Insight by Tom Harris

Inspiring Ongoing Creativity

What happens when you see the answer to a close-ended challenge? Well, if you've got the right answer you probably feel satisfied. If you haven't, you might feel frustrated. But in any case, you don't have any motivation to retry it. Why should you? You already know the answer! And if you saw the answer to such a challenge before you even tried to solve it, well, that's the end of it.

Open-ended triggers have the opposite effect. The more "solutions" you see, the more motivated you are to come up with a new original one. It doesn't matter if you have done the challenge personally, or if you just saw what others came up with. You will enjoy redoing it because every time you face the challenge, you take a different path or a different angle and come up with new and surprising insights.

Collaborative, Not Competitive

Which brings us to the next advantage of opened-ended games for developing creativity: they are not competitive in nature.

When you face a close-ended question, with a definitive solution, you are by definition in a competitive mode. If someone else gets the answer first, you lose. If it takes you too long, you are not the best. Collaboration is out of the question (unless you are encouraged to win as a team, of course).

Open-ended triggers, on the other hand, are not about being the first or earning a better score. It's fun to see what creative results others come up with, and it doesn't take anything from your achievement. This, in turn, promotes discussion, exchanging ideas, and collaboration.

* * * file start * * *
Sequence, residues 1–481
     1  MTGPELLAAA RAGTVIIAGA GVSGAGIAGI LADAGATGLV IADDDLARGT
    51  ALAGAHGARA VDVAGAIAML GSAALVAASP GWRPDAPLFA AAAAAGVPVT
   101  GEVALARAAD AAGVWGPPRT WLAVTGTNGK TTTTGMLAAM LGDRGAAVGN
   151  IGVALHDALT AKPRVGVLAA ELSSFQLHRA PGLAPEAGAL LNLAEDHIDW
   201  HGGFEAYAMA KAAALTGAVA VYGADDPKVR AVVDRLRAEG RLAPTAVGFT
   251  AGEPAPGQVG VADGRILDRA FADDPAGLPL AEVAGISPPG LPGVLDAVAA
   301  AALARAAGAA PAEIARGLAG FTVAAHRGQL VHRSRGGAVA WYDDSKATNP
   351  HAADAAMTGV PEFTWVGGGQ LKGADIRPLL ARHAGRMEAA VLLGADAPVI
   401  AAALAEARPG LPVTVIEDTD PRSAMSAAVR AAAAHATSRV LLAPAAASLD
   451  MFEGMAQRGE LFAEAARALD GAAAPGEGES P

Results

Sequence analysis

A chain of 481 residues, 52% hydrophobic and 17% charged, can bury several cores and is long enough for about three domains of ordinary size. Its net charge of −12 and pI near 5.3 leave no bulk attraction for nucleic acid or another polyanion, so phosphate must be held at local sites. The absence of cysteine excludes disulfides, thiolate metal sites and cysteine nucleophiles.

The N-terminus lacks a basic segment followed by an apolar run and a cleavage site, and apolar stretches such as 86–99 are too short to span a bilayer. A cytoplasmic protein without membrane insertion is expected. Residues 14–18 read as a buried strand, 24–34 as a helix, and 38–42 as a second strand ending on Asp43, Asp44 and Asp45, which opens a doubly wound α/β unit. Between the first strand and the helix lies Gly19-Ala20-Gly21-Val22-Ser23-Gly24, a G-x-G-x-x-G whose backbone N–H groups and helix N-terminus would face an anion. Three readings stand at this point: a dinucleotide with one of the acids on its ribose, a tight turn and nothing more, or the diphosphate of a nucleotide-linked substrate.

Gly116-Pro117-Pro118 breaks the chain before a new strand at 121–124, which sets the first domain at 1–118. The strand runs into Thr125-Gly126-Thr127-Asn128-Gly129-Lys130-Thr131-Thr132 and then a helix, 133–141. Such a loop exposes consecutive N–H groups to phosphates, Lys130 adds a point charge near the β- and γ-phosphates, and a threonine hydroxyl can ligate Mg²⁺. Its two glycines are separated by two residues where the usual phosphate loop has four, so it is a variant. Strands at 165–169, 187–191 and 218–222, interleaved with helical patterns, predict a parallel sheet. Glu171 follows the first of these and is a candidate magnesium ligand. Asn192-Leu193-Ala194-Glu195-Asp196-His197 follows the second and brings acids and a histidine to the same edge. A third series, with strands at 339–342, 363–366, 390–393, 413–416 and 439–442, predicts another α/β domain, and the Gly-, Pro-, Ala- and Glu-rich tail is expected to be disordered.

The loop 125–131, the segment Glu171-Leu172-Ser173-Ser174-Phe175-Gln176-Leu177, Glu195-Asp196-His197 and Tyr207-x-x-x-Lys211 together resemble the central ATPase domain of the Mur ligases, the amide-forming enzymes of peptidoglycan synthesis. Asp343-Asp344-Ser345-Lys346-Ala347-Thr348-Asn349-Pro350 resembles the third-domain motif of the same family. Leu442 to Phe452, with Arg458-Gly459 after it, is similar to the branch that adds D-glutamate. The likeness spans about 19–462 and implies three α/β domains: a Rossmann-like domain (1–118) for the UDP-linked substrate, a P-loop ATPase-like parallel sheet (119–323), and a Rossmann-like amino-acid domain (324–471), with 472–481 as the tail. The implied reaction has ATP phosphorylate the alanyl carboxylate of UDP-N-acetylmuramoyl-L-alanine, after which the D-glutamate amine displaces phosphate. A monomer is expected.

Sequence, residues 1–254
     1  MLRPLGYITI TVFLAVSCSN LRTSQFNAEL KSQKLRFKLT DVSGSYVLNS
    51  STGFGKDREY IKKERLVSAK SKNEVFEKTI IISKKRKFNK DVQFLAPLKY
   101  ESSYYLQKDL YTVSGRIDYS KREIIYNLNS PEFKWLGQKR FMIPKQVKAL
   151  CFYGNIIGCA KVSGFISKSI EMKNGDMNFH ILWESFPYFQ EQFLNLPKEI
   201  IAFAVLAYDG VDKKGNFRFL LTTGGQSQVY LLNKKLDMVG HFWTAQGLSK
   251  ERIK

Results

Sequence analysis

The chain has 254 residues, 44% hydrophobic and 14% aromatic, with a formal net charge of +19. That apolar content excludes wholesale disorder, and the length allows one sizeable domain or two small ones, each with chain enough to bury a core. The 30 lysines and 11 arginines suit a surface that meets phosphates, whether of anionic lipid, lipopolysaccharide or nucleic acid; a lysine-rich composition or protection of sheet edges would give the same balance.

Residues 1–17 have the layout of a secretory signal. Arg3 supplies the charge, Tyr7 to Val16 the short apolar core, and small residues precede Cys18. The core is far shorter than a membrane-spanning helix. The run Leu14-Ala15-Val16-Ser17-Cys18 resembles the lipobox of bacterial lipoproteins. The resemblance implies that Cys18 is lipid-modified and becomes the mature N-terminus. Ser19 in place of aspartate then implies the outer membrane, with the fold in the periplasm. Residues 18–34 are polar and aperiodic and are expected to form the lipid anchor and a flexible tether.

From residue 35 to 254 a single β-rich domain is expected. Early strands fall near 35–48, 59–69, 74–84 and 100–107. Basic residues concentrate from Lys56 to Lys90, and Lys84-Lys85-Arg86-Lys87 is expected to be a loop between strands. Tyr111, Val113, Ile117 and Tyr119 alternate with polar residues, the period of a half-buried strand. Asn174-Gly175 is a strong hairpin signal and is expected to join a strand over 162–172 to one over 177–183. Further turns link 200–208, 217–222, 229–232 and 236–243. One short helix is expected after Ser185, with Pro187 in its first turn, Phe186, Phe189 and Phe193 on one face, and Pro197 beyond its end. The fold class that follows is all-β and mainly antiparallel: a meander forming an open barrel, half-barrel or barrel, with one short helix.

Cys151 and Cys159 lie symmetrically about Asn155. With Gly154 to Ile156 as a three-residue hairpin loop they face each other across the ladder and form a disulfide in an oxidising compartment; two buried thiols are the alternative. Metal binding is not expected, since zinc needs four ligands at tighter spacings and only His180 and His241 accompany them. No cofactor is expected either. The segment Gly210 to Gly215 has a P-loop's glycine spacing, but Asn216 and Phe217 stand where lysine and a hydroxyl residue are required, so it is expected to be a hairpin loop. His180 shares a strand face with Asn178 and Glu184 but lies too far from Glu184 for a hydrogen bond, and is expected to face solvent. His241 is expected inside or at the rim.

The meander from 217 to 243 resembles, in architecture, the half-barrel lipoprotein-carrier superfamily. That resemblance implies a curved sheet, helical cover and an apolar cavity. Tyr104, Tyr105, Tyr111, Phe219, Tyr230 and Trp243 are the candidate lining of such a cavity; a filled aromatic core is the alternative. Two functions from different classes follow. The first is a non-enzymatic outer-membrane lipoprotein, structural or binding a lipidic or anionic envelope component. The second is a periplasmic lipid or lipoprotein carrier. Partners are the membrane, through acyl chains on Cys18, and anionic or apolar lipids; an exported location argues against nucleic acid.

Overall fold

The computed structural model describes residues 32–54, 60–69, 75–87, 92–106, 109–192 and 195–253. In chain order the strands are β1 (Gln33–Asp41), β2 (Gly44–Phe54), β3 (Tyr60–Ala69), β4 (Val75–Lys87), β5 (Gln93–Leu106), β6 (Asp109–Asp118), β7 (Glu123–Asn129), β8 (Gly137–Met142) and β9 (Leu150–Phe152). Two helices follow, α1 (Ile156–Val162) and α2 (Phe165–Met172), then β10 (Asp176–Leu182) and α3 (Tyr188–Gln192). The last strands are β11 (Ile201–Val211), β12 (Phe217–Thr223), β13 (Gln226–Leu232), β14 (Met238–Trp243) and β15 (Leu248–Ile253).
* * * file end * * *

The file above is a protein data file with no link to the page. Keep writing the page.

Take for example the Team Chain Reaction Prism. Its essence is to help teams practice collaborative creativity by taking each Insight and turning it to the Seed for the next link in the chain. It's anything but competitive, and it can be practiced for one hour or one month, and with each link in the chain, the results are getting more surprising.

Open Your Mind

If we would like to be more creative, imaginative, and innovative, we need to practice. Just like you can't get in shape just by talking about it. You need to do something about it - actively.

We all know the phrase "open your mind." Well, I believe opening our mind calls for open-ended games. Close-ended riddles are just not the right tool for practicing creativity in its deepest and broadest meaning.

The beauty in open-ended challenges is that they can be repeated, they simulate real-life creativity, and they are perfect for collaborative creativity. They promote discussion and joint insights as opposed to competition.

But above all, when you open your mind you should know: anything can happen. And some of it will!

 

Lidor Wyssocky (@LidorWyssocky) is a fine-art photographer and the creator of seempli - a revolutionary game for igniting creativity and learning to see the world differently.

Lidor’s visual artworks, which are focused on the things hundreds and thousands of people pass by in the street every day, led him to create seempli to inspire people to practice creative observation on a daily basis.

Using seempli Lidor works with people, teams, and organizations seeking to develop and enhance their creativity. 

Tags: challenge, creativity, game, lidor wyssocky, practicing, seempli, teaching